When Elizabeth heard Mary’s greeting, the child leaped in her womb, and Elizabeth was filled with the Holy Spirit. (Luke 1:41)
As I explore the Christmas narrative afresh this season I am struck by the unpredictable nature of our God. The Jewish people had waited for centuries for a Messiah, but who would have thought the Saviour would be born in a stable in a backwater village, to parents of low socio-economic status. No one was expecting this kind of redemption.
It strikes me that God is always at work, but often in ways that people (even people of faith) easily miss. With the benefit of hindsight, the Gospel writers were able to place Jesus’ birth narratives within the framework of Messianic prophecy. This is a good time to look over our lives this year – can we recognise the pattern of God’s hand at work, even if we couldn’t see it at the time? Let us give thanks for our Saviour’s constant care and boundless fidelity.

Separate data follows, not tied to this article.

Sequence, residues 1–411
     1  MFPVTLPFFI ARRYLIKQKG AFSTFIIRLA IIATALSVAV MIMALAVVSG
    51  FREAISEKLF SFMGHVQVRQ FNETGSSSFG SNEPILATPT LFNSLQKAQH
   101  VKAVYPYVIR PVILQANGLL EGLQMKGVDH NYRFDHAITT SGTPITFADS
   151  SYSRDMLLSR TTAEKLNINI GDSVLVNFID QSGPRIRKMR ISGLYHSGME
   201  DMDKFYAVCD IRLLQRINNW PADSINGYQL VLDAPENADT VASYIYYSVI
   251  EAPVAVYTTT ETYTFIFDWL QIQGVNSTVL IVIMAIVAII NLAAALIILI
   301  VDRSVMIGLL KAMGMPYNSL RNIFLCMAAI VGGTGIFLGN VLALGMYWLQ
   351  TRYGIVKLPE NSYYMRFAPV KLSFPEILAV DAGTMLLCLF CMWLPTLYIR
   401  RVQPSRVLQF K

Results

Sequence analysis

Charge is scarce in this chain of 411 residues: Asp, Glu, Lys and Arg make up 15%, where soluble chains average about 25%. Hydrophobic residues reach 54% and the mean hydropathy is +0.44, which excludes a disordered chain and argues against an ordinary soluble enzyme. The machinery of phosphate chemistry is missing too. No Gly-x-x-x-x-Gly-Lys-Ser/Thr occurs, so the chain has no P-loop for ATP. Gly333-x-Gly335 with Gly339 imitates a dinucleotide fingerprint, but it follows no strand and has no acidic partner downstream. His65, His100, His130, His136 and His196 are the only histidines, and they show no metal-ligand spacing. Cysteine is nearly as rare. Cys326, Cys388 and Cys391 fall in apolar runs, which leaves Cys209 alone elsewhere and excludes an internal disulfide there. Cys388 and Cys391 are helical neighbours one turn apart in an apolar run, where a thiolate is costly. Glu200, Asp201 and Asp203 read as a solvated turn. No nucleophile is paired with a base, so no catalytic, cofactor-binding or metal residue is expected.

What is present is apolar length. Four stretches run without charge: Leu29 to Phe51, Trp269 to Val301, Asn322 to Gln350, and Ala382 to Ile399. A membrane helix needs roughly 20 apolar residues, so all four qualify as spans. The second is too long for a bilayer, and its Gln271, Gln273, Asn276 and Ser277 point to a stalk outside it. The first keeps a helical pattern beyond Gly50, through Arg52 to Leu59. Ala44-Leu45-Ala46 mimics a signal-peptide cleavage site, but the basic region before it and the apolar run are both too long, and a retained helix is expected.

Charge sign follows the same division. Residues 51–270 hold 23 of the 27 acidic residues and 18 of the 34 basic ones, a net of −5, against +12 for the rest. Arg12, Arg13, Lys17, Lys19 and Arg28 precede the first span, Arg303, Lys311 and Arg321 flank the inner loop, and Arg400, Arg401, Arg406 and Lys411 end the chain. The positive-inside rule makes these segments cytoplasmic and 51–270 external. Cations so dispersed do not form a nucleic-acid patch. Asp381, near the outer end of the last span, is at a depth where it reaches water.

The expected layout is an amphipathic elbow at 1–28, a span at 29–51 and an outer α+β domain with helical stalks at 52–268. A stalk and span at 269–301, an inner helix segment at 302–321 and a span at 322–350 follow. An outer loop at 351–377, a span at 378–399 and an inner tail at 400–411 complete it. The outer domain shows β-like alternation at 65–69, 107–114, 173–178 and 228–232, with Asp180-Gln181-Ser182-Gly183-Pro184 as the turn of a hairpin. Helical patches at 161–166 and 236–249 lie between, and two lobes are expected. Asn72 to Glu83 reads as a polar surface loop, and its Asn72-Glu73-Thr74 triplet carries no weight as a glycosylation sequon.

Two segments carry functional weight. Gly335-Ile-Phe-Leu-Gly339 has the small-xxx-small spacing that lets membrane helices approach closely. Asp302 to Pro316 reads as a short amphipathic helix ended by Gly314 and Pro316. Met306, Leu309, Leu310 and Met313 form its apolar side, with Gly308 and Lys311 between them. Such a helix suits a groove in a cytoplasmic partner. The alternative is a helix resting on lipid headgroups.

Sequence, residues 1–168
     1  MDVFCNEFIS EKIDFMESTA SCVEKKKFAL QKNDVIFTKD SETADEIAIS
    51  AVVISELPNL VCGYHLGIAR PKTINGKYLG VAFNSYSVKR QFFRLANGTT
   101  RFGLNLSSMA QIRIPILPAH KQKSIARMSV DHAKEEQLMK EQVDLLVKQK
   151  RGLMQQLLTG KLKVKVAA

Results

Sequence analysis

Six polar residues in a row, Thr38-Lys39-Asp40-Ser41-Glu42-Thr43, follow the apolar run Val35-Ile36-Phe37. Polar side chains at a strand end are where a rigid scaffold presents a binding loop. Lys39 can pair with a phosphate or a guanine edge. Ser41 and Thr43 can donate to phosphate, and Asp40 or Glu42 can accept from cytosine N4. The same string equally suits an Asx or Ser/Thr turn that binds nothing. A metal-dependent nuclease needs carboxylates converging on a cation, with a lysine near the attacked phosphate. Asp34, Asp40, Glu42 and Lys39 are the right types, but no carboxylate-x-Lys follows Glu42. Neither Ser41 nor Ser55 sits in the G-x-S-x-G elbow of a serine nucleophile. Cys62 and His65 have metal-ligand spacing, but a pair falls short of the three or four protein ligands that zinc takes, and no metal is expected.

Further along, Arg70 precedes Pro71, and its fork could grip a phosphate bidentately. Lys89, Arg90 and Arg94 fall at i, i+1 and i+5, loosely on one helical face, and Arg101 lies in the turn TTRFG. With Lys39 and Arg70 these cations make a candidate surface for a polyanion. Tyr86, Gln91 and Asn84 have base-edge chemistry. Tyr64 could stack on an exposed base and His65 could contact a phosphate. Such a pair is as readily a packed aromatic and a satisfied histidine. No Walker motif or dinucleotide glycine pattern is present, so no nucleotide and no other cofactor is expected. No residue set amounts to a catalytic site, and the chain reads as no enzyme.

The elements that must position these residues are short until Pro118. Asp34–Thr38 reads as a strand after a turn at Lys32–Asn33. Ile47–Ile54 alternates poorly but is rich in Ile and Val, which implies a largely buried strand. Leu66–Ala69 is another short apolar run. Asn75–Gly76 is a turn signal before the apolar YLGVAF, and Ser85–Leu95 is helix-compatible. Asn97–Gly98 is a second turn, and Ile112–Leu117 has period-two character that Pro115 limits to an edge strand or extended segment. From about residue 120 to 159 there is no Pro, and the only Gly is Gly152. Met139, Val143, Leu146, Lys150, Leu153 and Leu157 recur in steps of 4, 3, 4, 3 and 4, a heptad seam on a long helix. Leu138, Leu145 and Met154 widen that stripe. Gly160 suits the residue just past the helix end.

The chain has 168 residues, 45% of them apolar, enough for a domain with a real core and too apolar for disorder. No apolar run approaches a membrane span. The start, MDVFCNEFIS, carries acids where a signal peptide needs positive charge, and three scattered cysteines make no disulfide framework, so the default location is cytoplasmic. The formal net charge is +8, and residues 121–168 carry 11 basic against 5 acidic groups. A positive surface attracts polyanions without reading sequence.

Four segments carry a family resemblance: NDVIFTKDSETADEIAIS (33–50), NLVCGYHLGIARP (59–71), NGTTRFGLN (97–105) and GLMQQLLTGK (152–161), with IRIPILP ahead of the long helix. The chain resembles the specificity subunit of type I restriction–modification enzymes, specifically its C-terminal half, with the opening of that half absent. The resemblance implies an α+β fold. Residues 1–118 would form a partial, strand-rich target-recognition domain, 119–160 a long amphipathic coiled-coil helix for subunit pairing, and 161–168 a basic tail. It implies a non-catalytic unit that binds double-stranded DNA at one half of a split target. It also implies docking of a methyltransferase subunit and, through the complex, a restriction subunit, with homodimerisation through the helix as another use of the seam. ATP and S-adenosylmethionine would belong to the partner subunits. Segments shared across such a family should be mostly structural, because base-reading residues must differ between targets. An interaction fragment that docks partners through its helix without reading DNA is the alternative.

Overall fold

In their treatment of Jesus’ birth, the Gospel writers also looked forward to new beginnings, and I have been wondering how our pre-conceived ideas of God limit us from enjoying what God is really doing in the here and now. May our exploration of the Christmas story this year help us all to move away from any dysfunctional or culturally-trapped images we may hold of God, and experience the healing necessary to allow our lives to be open to God’s joy.
Jenny and I thank you all so much for your tireless and faithful service over 2015, and safe travels to you all if you are on the road this season. May this holiday period be a time of refreshment and restoration; at the same time keeping our eyes open to the needs of our neighbours and with hearts of generous hospitality.
There will be no Bishop’s Letter in January